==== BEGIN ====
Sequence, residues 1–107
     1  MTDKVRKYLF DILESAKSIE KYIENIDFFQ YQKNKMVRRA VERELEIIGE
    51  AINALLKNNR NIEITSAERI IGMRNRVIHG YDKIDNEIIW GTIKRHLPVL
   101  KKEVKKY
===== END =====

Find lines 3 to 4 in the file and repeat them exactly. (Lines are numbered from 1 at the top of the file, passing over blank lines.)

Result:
    51  AINALLKNNR NIEITSAERI IGMRNRVIHG YDKIDNEIIW GTIKRHLPVL
   101  KKEVKKY